Kaplunovsky - practice 15

Kaplunovsky - practice 15 - practice 15 Due: May 8 2007,...

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practice 15 – – Due: May 8 2007, noon 1 Question 1, chap 18, sect 3. part 1 of 1 5 points The pressure exerted on the ground by a man is greatest when: 1. He stands with both feet Fat on the ground. 2. He stands on the toes of one foot. cor- rect 3. The pressure on the ground is the same, however he stands, sits or lies. 4. He sits on his butt. 5. He stands Fat on one foot. 6. He lies down on his back. Explanation: P = F A The forces exerted on the earth in di±erent cases are the same while when the man stands on the toes of one foot, the area is the smallest and the pressure is the greatest. Question 2, chap 18, sect 4. part 1 of 1 5 points The four tires of an automobile are inFated to a gauge pressure of 88100 Pa. Each tire has an area of 0 . 0212 m 2 in contact with the ground. Determine the weight of the automobile. Correct answer: 7470 . 88 N (tolerance ± 1 %). Explanation: Let W be its weight. Then each tire sup- ports W 4 , so that P = F A = W 4 A , yielding: W = 4 AP = 4 (0 . 0212 m 2 )(88100 Pa) = 7470 . 88 N . Question 3, chap 18, sect 3. part 1 of 2 5 points In 1657, Otto von Guericke, inventor of the air pump, evacuated a sphere made of two brass hemispheres. Two teams of eight horses each could pull the hemispheres apart only on some trials, and then only “with the greatest of di²culty.” (See ³gure for details.) F F P R P a If P a is the atmospheric pressure, P is the pressure inside the hemispheres and R is the radius of the hemispheres, then the force ´ required to pull the hemispheres apart is given by 1. F = π R 2 ( P a - P ) correct 2. F = 2 π R 3 3 ( P a - P ) 3. F = π R 2 2 ( P a - P ) 4. F = 4 π R 2 ( P a - P ) 5. F = 4 π R 3 3 ( P a - P ) 6. F = 2 π R 2 ( P a - P ) Explanation: Basic Concepts P F A Solution: ´orce = (Di±erence in pressure on 2 sides) × (Area). We must choose the area carefully. Each team of horses is pulling in the z direction with a force F . The hemispheres will come apart only when F is the z com- ponent of the net force on each hemisphere due to the pressure di±erence (see ³gure). We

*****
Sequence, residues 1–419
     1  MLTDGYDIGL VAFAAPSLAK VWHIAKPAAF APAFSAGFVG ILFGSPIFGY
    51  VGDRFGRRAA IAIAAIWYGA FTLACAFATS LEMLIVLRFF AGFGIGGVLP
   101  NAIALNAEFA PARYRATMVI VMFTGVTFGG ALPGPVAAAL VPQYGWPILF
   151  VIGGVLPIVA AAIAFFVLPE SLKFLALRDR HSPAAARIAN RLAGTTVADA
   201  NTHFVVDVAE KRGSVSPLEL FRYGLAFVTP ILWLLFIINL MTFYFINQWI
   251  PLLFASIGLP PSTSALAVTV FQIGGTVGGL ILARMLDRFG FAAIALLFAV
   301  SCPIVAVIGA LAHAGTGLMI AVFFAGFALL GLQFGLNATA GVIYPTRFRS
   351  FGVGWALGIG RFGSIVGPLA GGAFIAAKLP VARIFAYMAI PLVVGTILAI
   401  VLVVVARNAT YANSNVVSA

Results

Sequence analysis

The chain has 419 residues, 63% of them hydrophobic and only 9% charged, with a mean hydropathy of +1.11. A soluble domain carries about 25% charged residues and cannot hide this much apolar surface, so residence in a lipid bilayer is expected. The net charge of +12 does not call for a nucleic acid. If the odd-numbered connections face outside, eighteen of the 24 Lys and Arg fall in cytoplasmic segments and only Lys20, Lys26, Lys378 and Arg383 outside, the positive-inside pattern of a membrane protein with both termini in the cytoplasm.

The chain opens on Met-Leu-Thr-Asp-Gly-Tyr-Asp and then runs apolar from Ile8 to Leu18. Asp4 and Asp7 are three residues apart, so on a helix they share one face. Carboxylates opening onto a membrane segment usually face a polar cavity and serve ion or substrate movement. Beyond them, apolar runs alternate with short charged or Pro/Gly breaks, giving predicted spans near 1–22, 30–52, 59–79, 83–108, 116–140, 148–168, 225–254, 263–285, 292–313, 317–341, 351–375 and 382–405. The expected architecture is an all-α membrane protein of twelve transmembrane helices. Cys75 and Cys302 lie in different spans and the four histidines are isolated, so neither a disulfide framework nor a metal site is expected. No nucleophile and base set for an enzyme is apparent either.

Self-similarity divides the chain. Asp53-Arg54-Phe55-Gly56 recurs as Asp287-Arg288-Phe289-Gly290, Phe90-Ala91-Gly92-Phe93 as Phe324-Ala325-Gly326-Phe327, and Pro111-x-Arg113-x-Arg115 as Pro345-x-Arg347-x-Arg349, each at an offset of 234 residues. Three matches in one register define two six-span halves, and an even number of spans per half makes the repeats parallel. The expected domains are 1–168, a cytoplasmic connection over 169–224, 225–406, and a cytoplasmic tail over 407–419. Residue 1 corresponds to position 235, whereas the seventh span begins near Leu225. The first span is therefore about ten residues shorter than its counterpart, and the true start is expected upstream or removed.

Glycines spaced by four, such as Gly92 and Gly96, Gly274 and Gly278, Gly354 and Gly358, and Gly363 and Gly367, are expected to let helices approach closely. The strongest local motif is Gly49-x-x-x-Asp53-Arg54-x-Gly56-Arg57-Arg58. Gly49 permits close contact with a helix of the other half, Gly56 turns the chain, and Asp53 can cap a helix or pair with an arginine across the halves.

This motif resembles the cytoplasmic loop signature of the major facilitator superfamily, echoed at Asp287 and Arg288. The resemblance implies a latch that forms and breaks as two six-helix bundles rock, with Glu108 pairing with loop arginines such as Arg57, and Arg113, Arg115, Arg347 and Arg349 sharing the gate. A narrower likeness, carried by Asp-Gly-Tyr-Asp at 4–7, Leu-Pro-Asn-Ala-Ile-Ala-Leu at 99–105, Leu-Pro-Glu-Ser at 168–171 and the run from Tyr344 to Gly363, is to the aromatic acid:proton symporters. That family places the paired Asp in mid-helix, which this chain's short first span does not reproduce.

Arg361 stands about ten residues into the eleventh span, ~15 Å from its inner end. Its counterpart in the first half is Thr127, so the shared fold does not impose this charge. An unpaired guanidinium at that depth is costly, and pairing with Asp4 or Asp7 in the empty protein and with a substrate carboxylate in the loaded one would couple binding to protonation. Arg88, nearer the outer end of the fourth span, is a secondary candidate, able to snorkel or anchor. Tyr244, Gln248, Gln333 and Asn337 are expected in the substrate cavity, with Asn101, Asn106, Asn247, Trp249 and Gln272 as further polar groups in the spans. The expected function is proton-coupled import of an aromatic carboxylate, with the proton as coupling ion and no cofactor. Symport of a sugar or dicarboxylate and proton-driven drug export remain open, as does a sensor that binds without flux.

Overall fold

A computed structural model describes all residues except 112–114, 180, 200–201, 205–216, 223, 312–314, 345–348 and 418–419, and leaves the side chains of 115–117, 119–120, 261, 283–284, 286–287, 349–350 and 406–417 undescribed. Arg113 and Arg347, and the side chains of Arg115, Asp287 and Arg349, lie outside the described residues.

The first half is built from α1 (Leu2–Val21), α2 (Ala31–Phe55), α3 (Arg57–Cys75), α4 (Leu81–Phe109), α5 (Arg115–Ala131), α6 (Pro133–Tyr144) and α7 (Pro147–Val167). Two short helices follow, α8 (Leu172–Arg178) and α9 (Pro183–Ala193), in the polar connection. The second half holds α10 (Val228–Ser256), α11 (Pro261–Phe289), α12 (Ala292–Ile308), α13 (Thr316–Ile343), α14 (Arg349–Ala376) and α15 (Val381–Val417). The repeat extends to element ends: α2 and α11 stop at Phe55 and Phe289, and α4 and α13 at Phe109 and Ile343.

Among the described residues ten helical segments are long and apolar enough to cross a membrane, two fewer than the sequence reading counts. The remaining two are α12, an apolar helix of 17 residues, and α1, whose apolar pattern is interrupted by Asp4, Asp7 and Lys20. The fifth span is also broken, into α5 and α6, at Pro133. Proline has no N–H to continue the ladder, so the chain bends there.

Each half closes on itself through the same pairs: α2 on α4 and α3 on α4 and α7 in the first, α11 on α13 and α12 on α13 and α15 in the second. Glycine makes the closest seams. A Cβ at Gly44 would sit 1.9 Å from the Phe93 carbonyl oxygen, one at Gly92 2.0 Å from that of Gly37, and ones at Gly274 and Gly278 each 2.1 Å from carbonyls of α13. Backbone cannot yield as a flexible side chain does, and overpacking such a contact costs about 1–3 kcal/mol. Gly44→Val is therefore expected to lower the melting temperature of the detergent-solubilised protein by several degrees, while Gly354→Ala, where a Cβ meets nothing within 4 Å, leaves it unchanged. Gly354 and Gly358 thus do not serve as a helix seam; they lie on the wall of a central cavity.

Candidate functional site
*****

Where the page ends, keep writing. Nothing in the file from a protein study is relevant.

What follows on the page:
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practice 15 – – Due: May 8 2007, noon 2 must therefore pick the eFective area which is perpendicular to the z direction. If you stand far away on the z axis and look at the hemi- sphere, you see a circle of area πR 2 . Hence, F = π R 2 ( P a - P ) . θ φ x y dA F z Hemisphere of radius R dF If we wanted to justify this more rigorously, we would have to examine the amount of force dF caused by the pressure diFerence acting on a small area of the hemisphere dA (see ±gure). We would then take the z-component of this and integrate this amount over the surface of the hemisphere (a double integral). The result is the same as our “intuitive” argument above.
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This note was uploaded on 01/29/2009 for the course PHY 303K taught by Professor Turner during the Spring '08 term at University of Texas at Austin.

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Kaplunovsky - practice 15 - practice 15 Due: May 8 2007,...

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